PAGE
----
Section 101 of the Nigerian Constitution provides:
“The Government of the Federation or of a State shall
not adopt any religion as State Religion.”
It is in the light of this constitutional provision that some people say – Nigeria is a secular state. As a matter of fact, the phrase “secular state” is not used anywhere in the Constitution. Worse still, there is no reported Nigerian case so far where section 10 of the Constitution (“the secular section”) has been given judicial interpretation. So the object of this article is to dig deep into available resources in order to determine whether Nigeria is a secular state or not.
What is Secularism or a Secular State?
Longman Dictionary2 defines secularism as:
“1. A system of social organization that does not allow
religion to influence the government or the belief that
religion should not influence a government.
‘’2. The quality of behaving in a way that shows religion does
not influence you…”
Omotola Jeremiah Shola3, a political scientist and public administration specialist, defines secularism this way:
“Secularism is commonly regarded as ‘an ideology that holds that religious issues should not be the basis of Politics, or (in the extreme) that religion has no place in public life’. Essentially, secularism seeks to preserve the religious neutrality of government and cultures.”
Black’s Law Dictionary4 defines secular as
“…Not spiritual; not ecclesiastical; relating to affairs of the present (temporal) world.”
On Wikipedia5, “A secular state” is defined as
“…a concept of secularism, whereby a state or country
purports to be officially neutral in matters of religion, supporting
neither religion nor irreligion. A secular state also claims to treat all its
citizens equally regardless of religion, and claims to avoid preferential
treatment for a citizen from a particular religion/nonreligion over
other religions/nonreligion. Secular states do not have a state
religion or equivalent, although the absence of a state religion does
not guarantee that a state is secular”.( underline mine).
The quotes above speak for themselves and from them it is deducible that the issue of religion is a private one in a secular state. A secular state does not mean a state where religions are not recognized but where the choice to believe in a religion or not to believe is entirely an individual’s prerogative. So the question is – how does section 10 of the Nigerian Constitution fulfill the pictures painted by these descriptions of secularism or a secular state?
Section 10 of the Constitution Vs. A Secular State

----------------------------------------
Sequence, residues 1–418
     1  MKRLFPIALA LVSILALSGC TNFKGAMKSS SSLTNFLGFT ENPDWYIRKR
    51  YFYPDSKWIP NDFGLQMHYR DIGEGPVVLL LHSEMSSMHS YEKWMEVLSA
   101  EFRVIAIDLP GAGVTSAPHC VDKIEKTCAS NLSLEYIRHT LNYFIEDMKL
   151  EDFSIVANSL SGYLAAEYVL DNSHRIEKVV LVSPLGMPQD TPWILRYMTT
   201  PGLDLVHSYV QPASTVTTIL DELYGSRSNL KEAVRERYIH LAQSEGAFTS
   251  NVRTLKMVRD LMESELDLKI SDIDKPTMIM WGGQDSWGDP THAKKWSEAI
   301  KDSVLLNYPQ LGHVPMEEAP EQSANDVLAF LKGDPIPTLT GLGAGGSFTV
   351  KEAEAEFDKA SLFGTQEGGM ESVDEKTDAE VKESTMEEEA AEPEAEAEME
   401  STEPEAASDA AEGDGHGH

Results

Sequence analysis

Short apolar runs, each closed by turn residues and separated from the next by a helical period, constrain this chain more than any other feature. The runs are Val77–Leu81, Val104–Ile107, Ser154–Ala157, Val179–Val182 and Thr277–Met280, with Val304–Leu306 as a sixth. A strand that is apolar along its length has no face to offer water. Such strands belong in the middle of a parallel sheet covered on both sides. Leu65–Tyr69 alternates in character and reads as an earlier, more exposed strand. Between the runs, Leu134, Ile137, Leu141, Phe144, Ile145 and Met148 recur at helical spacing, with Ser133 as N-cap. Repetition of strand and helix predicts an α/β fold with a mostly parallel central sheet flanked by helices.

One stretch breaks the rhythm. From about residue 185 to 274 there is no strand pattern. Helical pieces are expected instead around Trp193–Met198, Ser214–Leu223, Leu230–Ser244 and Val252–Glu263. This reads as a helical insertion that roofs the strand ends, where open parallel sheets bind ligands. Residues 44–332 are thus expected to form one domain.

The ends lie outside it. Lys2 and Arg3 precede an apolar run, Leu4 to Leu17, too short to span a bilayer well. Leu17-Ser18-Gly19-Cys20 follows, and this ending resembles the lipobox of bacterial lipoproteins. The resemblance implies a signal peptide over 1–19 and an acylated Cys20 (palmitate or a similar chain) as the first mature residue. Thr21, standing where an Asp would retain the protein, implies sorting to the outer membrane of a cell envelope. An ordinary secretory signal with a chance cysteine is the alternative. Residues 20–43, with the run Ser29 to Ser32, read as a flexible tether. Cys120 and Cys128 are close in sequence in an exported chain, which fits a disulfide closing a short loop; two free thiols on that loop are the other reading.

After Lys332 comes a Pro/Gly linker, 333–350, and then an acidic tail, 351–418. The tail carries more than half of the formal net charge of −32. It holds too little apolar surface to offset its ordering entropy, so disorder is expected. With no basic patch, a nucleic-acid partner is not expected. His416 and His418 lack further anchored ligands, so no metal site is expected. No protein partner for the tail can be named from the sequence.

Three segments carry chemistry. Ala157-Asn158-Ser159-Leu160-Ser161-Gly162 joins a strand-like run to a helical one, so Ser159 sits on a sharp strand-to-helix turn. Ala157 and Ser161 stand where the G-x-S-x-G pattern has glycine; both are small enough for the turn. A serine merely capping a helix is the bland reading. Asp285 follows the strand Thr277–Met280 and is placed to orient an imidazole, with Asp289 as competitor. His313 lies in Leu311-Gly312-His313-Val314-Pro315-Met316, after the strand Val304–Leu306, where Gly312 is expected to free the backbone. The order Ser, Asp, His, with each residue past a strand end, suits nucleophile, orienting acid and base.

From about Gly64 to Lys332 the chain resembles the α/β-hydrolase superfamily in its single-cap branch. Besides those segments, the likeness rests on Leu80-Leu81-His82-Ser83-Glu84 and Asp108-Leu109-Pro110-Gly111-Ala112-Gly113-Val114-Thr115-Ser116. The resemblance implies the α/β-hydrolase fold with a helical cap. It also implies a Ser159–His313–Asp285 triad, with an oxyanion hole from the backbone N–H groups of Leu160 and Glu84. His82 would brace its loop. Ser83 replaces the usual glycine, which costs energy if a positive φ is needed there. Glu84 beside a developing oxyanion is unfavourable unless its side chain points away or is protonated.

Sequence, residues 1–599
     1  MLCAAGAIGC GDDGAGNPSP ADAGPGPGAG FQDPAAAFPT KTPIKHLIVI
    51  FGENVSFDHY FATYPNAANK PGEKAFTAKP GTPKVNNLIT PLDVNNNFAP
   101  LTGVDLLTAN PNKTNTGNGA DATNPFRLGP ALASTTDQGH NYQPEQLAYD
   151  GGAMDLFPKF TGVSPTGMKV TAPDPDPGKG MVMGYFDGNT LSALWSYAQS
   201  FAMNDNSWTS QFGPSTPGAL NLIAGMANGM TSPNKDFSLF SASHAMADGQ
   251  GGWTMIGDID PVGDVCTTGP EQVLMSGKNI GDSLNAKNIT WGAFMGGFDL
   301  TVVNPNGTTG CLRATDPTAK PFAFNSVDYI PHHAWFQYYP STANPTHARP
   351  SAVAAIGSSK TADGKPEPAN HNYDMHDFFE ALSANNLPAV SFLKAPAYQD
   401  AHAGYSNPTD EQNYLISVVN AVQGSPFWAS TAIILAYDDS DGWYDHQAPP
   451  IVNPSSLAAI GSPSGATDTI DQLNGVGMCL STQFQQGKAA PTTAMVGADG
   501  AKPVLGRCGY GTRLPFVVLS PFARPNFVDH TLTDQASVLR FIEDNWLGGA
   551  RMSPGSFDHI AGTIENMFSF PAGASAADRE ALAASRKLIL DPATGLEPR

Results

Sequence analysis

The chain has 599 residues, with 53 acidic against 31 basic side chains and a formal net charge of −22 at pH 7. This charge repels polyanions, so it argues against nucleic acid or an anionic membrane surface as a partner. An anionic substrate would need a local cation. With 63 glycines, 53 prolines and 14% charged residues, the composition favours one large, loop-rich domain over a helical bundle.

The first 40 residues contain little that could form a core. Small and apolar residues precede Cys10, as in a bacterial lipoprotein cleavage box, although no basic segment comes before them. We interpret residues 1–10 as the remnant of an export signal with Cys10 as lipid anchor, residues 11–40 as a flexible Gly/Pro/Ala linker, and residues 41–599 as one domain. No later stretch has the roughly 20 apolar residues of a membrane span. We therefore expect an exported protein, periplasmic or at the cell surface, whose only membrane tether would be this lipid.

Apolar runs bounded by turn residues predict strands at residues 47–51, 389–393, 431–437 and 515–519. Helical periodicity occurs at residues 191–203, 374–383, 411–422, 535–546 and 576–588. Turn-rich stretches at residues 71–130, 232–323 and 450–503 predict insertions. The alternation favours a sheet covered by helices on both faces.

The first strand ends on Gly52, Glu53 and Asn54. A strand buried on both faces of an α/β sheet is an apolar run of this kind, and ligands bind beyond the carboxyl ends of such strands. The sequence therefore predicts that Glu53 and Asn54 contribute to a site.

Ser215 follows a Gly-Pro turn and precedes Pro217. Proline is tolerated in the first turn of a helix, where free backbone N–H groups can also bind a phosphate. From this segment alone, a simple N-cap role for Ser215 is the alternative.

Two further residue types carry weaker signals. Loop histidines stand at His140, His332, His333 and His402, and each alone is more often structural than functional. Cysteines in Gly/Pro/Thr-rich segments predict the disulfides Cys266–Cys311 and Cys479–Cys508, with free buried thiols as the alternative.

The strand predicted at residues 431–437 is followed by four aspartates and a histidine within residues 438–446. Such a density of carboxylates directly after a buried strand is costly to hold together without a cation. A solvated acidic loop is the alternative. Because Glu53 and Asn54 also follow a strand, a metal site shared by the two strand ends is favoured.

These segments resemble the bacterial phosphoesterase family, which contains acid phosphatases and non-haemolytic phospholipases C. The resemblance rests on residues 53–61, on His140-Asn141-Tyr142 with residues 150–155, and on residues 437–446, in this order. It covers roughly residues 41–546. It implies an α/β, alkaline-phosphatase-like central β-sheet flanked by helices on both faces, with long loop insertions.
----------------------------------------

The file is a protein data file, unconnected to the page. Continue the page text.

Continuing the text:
Apart from the clear wordings of the provision of section 106, the margin note to the section reads “Prohibition of State Religion”. Therefore with the aid of the margin note and clear wordings of the section, it becomes much easier to infer the intention of the drafters of the constitution which is to separate state from religion. This is to ensure that religion as a private matter does not stray into public affairs. The state must not adopt any religion as one to influence its official decisions or as one being promoted with state funds.
It is a settled principle of law that where the wordings of a constitutional provision are unambiguous, a court has a duty to accord to that provision its ordinary meanings7. It is on this basis that is correct to say that the drafters of the constitution intended Nigeria to be a secular state. It is however another issue whether in practice Nigeria is truly secular state or not.
It should also be noted that the recognition of freedom of religion8 and freedom from discrimination9 on account of a person’s religion is a further effort to make Nigeria a secular state. Freedom of religion is meant to give everybody a right to belong to any religion of his choice and also a right to decide not to believe. Freedom from discrimination, on the other hand, is meant to ensure that nobody is discriminated against on the basis of his religion or irreligion.
The author10 of The 1999 Constitution submitted on the same section 10 as follows:
‘’It may be argued in the light of this provision that religious symbols (indigenous or received) have no place on public lands, national edifices, currency, flag, coat of arms, anthem, pledge and other national symbols. By this section, Nigeria is declared to be a secular state and therefore cannot join any organization that has a religious connotation’’.
Is Nigeria a True Secular, Religious or Multi-Religious State?
By reason of section 1011 and assuming the deductions to be drawn from the clear wordings of the section are followed to the letter, Nigeria can be regarded as a secular state. But from experience, it appears Nigeria is secular only in the constitution and not at all in practice or at best a quasi-secular republic.
Then is Nigeria a religious state? Any person averagely familiar with the Nigerian situation should unhesitatingly answer in the negative. Nigeria is not a religious state because it has not by the constitution adopted any religion as the country’s official creed.
A non-secular state is synonymous with a religious state. On Wiki12, ‘’A non-secular’’ is defined as ‘’…one where religion is experienced in many everyday events on civil life, and where it is part of the government.’’ On a superficial reading of this definition, Nigeria appears a non-secular state but on a more circumspective consideration it will be seen that Nigeria is not a religious state in the fashion of countries like Saudi-Arabia, Afghanistan or the Vatican City.
And lastly, is Nigeria a multi-religious state? It is common for the opponents of Nigeria’s secular status to argue that Nigeria is a multi-religious state and not a secular state as if “multi-religious” is the antonym of “secular”. Nigeria is indeed a multi-religious state as hardly there is any country the world over that is mono-religious. Even Saudi Arabia is multi-religious13.
Nigeria’s Secularism in Practice
Nigeria14 is as multi-cultural as it is multi-religious. Even though, in contemporary Nigeria, Christianity and Islam predominate, there are people of other faiths as well. The practice of secularism in Nigeria is usually centered on consideration of what values to be allowed depending on whether it is not a Christian-religious doctrine or Islamic. Yet successive Nigerian governments have fallen into traps of religious affairs at different times.
So what is intended to be brought out under this sub-heading is a list of government activities which have strayed into one religion’s stream or the other.
Allowance of evangelism in public places Allowance of Islamic sermons in public places